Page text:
Tokyo (Fides News Agency) – Today, August 9, is the 78th anniversary of the atomic bombing of Nagasaki, the second (and hopefully, last) in history, which followed that of Hiroshima on August 6, 1945. Nagasaki at the time was the most important center for Japan’s Catholic community – whose history dates back to the 16th century and is laden with persecution, but also made up of a community that for a century preserved their faith in silence, secretly baptizing their children, even if they had no access to the Eucharist on account of a lack of priests.
It was precisely in Nagasaki that, in 1597, 26 Catholics were martyred, and again in this city, another 56 faithful were killed in 1622.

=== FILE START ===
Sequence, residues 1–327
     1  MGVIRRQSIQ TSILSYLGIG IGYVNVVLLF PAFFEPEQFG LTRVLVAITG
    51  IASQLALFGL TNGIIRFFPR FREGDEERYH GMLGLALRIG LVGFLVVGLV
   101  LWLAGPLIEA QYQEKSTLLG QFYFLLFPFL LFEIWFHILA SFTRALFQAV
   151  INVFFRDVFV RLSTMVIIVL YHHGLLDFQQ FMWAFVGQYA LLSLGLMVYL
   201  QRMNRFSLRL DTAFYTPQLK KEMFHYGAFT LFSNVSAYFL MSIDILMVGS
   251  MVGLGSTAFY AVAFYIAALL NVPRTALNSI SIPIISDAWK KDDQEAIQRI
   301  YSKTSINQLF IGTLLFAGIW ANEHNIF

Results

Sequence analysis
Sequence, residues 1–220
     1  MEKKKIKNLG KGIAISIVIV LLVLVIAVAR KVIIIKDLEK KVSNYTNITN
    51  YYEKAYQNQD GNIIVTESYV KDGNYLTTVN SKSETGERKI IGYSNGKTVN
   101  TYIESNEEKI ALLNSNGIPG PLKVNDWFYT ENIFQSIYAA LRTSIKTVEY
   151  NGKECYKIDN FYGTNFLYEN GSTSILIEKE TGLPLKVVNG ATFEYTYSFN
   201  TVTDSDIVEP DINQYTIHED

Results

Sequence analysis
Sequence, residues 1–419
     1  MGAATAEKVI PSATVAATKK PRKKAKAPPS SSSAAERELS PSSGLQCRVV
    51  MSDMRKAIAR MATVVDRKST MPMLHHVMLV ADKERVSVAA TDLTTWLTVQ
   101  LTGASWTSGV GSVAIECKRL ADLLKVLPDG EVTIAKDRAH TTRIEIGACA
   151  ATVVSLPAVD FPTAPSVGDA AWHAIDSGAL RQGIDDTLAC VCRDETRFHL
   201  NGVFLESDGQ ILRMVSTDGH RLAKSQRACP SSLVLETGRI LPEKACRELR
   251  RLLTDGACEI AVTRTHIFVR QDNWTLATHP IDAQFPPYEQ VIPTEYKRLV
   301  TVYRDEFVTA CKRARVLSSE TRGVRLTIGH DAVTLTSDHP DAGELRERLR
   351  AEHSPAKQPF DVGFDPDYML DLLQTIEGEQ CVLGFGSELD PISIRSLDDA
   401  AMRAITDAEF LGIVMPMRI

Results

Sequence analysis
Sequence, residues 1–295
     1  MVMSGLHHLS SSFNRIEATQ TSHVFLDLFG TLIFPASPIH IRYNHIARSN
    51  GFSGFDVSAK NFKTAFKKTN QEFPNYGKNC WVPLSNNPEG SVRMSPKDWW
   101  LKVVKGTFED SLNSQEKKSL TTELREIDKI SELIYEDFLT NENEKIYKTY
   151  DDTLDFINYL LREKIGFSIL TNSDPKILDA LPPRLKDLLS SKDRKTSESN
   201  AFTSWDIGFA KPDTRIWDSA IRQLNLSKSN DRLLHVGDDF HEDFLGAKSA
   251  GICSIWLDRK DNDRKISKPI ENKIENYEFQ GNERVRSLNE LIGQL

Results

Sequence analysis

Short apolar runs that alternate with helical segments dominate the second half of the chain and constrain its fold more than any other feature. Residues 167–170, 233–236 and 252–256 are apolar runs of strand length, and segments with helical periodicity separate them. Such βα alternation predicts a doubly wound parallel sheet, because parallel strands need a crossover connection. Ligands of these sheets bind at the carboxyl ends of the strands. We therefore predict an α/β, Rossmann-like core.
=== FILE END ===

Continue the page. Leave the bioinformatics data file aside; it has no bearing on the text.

The nuclear bomb exploded at a height of 500 meters, half a kilometer from the cathedral of Urakami Tenshudo, the cathedral of the Immaculate Conception, whose spires were used as a landmark by the pilots of the B-29 that dropped the plutonium device nicknamed “Fat Man”.
At that moment, in the cathedral were roughly thirty believers going to confession to adequately prepare themselves for the Assumption festivities. The destroyed cathedral was the largest Catholic church in Asia, built over the span of 30 years.
The atomic bomb on Nagasaki killed 400,000 people instantly, and wounded 75,000. And by the end of 1945, 74,000 people had perished. (L.M.) (Fides News Agency 9/8/2023)